My dear, Gonzo, I am rich in the currency of the ski hill, if not in U.S. dollars, and I figure if Tom Seibel or Jim Kennedy buy the ranch next door as the next step in their progression from industry titan to outdoorsmen, then I'm not slow, I'm fast, cuz I got the same view, and I never had to deal with the stress of a real job, having been a ski instructor, as I said, for 20 years now. (Thanks, Sitz, and Fox, you ARE a quick study!)
If my goal was to get rich, I wouldn't have devoted the time to skiing, surely, and I wouldn't have situated myself on a ranch in Montana.
So, now that you have me hooked, what is this vision you attribute to me? I confess I am not getting your references.
My mission is to facilitate, encourage, and advocate quality skier development opportunities for all skiers. I believe that quality comes first. The gold medal has to be backed up with results. My vision is about quality, not riches, but there is a strong desire to empower pros to make a comfortable living and have access to the same creature comforts as their students, like insurance, cars, homes, and families. You know--the same stuff hairdressers count on.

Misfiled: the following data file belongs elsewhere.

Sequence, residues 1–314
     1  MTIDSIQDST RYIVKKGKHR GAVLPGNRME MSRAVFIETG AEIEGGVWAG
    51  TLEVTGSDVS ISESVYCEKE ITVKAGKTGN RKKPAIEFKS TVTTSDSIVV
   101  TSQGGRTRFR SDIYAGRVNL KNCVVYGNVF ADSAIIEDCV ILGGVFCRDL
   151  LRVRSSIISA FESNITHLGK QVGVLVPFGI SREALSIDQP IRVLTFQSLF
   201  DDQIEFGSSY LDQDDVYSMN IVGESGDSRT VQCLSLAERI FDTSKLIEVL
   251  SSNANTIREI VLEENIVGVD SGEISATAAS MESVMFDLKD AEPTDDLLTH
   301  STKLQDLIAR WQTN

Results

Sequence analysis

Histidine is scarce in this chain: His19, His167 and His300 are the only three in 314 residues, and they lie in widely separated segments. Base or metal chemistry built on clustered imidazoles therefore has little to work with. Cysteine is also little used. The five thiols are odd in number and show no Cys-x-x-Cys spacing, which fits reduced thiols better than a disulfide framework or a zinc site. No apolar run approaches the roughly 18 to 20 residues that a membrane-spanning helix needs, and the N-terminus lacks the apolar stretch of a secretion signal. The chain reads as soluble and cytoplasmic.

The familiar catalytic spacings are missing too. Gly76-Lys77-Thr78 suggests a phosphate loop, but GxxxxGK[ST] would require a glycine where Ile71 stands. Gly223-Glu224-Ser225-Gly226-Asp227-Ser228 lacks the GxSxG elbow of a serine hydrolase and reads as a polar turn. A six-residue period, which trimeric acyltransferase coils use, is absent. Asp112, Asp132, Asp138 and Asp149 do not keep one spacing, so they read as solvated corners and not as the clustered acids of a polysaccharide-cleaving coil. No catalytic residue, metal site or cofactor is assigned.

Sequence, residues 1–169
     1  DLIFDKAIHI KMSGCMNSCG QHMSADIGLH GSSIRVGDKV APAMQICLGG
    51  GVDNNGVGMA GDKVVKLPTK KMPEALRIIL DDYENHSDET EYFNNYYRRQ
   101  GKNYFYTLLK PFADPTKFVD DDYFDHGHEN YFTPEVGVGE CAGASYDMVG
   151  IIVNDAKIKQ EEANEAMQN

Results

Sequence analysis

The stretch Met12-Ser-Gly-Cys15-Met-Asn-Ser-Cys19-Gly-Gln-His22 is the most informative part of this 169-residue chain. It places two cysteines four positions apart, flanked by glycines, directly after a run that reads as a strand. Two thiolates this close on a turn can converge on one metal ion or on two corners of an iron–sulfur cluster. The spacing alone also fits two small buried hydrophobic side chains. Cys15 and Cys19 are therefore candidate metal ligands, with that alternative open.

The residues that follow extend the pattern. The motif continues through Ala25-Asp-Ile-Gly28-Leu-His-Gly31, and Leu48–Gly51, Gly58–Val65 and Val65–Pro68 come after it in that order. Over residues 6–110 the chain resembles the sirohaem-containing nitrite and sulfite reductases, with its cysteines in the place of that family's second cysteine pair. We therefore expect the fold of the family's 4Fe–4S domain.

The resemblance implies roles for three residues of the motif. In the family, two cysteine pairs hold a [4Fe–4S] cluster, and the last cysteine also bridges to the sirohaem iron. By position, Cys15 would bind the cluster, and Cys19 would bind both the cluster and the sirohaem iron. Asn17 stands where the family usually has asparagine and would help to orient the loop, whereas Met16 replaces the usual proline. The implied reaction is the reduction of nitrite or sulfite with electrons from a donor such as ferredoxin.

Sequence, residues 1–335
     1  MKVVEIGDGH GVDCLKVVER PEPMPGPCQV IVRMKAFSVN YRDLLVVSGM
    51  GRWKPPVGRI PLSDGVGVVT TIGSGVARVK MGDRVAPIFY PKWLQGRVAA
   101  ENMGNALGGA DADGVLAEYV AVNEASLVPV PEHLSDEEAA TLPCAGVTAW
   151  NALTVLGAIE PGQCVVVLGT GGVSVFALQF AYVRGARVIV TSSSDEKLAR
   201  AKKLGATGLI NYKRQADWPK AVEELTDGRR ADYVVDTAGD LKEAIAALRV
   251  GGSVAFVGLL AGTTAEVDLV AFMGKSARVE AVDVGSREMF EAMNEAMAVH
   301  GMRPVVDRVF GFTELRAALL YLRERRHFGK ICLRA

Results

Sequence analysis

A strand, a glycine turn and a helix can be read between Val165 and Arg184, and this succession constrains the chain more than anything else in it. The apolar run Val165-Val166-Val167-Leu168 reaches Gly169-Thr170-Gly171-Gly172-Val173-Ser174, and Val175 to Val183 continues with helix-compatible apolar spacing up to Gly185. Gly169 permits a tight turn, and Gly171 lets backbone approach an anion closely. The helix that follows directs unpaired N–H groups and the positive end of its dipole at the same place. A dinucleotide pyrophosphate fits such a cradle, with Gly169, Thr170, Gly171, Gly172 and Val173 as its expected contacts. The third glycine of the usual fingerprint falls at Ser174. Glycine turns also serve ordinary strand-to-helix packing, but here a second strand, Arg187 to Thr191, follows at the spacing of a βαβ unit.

I was asked recently why people stay in the profession, given the monetary situation, and I said, "Well, I think essentially the people who stick with it for years are sort of like monks or disciples with a religious passion for snow, mountains, nature, and sharing their passion with others." The rewards are huge. Far greater than whatever they give you for processing data in a cubicle to which you must commute through snarled traffic, etc.
I didn't go beyond the quotes, because even gurus have material needs and wants, and I'd hate to add any reinforcement to the industry waffle that people just instruct as a lark, don't need the money, and won't be around long anyway, so it would be stupid to invest much in them.